Steps to Trademark your Company Name


Trademarking your company’s name is an important step toward protecting your brand, but it’s also a complicated process. The good news is that there are resources available to help you understand the process and make sure you’re filing everything correctly. In this post, we’ll walk through the steps of trademarking your company’s name, from start to finish.

Decide If you Need a Trademark

A trademark is a symbol, slogan, or word that distinguishes your company from its competitors. It can be as simple as a logo or tagline. The US Patent and Trademark Office (USPTO) provides information on trademarks; this article will explain what you need to know about them.

Why do I need to register my trademark?

Trademarks are used to protect the economic value of your brand and help prevent others from using your name or logo in an inappropriate way that might confuse customers into thinking it’s coming from or endorsed by you. They’re not a guarantee of quality—just because someone else has filed for a similar trademark doesn’t mean they’ll make better products than you will. The purpose of trademarks is simply to let people know where their purchase came from so they don’t end up being disappointed when they receive it (or worse).

Trademark Search

Clear your name with the USPTO (U.S. Patent and Trademark Office) with a search; you can do this yourself or hire a professional service to do it for you.

A trademark search is a thorough examination of federal and state databases to see if your proposed name is likely to cause any confusion with another company’s existing trademarks. If it does, the USPTO may reject your application. That said, even if there are no existing trademarks that conflict with yours, it’s still important to do a search because many companies aren’t aware that they have a trademark until someone tries to use theirs.

You can perform this search yourself or hire a professional service to do it for you; either way, it’s important that you do one so you don’t waste time trying to get your organization off the ground when someone else already owns the mark.

File your Application and Wait for the Approval

Once you’ve decided on a name, the next step is to file your application with the USPTO. You can do this online through the Trademark Electronic Application System (TEAS). The TEAS user guide is updated regularly and provides step-by-step instructions for filing an application using their online system.

Once you have submitted your application, it will be reviewed by a trademark examiner at the USPTO to determine whether there are any conflicts among existing trademarks in use around the world. If there are no conflicts (or none that would prevent registration), then your company name will be published in the Official Gazette of the United States Patent and Trademark Office (OG). It’s important to note that simply publishing your mark doesn’t mean that it’s registered; rather, it just gives other parties notice of its availability if they want to contest its registration later on down the line.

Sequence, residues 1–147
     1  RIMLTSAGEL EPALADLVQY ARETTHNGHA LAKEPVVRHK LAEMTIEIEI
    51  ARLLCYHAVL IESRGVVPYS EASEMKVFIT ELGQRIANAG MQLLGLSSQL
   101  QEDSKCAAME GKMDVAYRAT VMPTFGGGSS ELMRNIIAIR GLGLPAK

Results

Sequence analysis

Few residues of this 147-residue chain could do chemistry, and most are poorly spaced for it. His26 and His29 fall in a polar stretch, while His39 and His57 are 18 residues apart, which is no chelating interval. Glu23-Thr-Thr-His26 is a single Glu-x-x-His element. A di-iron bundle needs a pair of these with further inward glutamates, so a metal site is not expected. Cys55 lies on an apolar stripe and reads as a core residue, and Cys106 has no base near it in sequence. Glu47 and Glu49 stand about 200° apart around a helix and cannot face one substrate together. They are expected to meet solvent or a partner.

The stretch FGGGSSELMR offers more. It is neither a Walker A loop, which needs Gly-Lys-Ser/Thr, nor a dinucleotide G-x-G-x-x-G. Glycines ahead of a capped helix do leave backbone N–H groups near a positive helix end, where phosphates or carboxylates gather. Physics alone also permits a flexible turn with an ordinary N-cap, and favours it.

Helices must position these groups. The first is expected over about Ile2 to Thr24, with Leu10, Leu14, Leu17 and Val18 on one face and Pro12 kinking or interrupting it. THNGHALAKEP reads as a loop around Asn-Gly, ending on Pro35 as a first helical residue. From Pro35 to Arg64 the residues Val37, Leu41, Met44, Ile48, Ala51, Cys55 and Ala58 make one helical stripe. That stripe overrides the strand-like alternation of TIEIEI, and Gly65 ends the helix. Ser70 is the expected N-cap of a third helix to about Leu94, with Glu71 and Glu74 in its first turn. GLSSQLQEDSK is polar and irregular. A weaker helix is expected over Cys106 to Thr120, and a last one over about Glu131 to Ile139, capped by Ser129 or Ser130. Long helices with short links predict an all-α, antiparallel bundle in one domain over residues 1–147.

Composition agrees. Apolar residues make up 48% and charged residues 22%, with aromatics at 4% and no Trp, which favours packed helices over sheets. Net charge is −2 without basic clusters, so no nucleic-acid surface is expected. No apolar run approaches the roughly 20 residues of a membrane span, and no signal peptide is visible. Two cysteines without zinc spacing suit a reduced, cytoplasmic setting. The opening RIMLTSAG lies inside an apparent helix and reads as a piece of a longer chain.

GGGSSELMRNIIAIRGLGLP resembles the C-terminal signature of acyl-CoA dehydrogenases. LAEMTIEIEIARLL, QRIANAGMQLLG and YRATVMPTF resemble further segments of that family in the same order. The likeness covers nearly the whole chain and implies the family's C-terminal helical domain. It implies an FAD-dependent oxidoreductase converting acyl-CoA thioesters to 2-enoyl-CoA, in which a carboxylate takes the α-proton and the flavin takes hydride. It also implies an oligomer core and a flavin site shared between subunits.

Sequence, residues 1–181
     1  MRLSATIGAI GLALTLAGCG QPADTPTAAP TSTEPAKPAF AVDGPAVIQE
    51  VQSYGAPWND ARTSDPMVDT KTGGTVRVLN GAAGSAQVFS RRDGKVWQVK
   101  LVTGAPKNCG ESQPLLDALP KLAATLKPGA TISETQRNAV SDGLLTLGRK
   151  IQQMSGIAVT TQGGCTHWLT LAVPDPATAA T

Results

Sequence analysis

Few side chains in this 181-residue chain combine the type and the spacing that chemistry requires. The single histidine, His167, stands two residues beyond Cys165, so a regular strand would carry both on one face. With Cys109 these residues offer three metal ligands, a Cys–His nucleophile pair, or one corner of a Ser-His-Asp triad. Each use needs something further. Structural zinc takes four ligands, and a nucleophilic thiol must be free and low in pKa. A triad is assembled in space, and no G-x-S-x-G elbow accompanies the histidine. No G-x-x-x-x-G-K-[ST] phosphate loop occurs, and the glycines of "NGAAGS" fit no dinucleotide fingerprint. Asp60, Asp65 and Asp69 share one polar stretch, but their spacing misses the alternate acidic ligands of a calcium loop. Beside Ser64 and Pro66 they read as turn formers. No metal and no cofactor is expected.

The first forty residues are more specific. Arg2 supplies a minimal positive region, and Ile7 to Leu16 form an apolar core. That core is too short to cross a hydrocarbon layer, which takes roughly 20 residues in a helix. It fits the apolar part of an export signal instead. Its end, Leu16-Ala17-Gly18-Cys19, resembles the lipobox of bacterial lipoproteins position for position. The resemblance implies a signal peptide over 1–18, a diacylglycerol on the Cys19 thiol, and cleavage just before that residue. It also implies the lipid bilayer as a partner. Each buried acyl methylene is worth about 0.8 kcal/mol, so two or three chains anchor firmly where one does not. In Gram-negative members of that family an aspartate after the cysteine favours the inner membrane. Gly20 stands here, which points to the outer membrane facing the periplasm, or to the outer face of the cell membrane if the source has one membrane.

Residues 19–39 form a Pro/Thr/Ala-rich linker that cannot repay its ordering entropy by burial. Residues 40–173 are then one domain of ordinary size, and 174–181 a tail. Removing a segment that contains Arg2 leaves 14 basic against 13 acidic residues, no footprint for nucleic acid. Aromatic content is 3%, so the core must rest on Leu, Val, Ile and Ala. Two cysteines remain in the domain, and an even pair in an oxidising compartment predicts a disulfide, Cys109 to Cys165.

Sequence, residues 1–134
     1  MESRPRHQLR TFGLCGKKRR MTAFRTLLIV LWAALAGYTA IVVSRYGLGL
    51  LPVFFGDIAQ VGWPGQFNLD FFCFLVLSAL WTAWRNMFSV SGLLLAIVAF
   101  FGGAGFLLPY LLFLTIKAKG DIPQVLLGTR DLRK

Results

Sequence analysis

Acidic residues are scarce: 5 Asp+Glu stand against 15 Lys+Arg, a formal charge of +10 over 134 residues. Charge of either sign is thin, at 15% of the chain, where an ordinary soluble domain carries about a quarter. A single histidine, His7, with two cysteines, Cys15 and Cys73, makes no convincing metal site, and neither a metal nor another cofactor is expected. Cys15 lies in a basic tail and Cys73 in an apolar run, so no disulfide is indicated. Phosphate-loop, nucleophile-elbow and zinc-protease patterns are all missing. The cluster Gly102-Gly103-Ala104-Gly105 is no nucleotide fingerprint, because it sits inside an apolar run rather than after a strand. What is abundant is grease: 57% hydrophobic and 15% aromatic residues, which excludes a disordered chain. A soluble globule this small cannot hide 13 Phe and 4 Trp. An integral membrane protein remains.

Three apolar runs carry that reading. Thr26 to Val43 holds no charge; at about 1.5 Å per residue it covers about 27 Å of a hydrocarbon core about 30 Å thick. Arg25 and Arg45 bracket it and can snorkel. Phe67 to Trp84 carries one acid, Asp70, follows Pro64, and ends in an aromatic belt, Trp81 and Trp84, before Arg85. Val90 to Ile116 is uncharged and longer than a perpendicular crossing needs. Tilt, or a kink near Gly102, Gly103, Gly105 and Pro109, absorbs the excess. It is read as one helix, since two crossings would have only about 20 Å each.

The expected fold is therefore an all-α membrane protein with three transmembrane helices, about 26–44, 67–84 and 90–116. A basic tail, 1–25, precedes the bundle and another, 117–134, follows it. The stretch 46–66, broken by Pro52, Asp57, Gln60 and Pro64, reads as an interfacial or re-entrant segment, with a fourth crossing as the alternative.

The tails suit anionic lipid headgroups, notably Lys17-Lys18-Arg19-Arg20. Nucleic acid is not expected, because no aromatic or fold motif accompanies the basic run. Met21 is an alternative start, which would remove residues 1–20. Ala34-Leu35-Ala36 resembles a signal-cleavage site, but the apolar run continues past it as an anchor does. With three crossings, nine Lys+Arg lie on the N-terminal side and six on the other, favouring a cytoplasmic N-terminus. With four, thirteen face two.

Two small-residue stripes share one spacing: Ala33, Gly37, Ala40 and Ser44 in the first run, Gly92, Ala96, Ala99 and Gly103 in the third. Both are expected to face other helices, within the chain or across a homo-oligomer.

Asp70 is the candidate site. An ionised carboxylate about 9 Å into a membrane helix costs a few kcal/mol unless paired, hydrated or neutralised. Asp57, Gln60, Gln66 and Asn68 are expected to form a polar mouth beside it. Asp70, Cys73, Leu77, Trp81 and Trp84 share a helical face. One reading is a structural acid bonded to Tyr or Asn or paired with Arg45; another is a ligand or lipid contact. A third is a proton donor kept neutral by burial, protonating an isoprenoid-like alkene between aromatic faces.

Office Actions

Respond to any “office actions” from the USPTO within six months of receiving them or your trademark will go abandoned.

After your trademark application has been filed, the USPTO will send you a series of Office Actions. An Office Action is basically a letter from the USPTO requesting more information about your application and giving you an opportunity to respond. Responding to these letters within six months is crucial – if you don’t, then your trademark goes abandoned. You’ll also be charged a fee for responding to each office action that arises.

If you do respond, then they will review your response and either send it back with more questions or approve it as-is (if they’re happy with all that was submitted). If they approve it as-is and everything checks out with no further issues identified by them, then congratulations! Your company name is officially protected under U.S. law.

Keep your Trademark Current

Once your trademark is approved and registered, keep it current. You’ll have to renew every 10 years at a .minimum. To keep your registration active, you can either renew online or by mail.

You’ll need to pay a maintenance fee every 10 years for this purpose. The U.S. Patent and Trademark Office (USPTO) charges $400 per class of goods or services for the first renewal period (e.g., if you’re registering a trademark for “clothing” in Class 25 and it’s a new mark, then you’ll pay $400). In subsequent renewal periods (e.g., during the second decade), fees will increase incrementally each year until they reach $800 per class in 2021; they will continue increasing with inflation thereafter until 2031.


In addition to coming up with a great business name, a trademark can be an invaluable asset to your company. It is a mark that identifies your brand, thereby helping you to distinguish yourself from competitors.

The process of obtaining and maintaining a trademark registration can be complicated. A registered label affords you some legal rights over the use of the word or design associated with it, but there are also many rules that must be followed if you want to keep your registration active and enforceable.


Trademarking your company name is a great way to protect the brand identity and ensure you are the only one using it. Trademarks can also be used as a marketing tool, allowing you to build trust with potential customers while ensuring they know exactly who they’re dealing with. If this sounds like something you’d like more information on, don’t hesitate to reach out! We would love to help guide you through this process.

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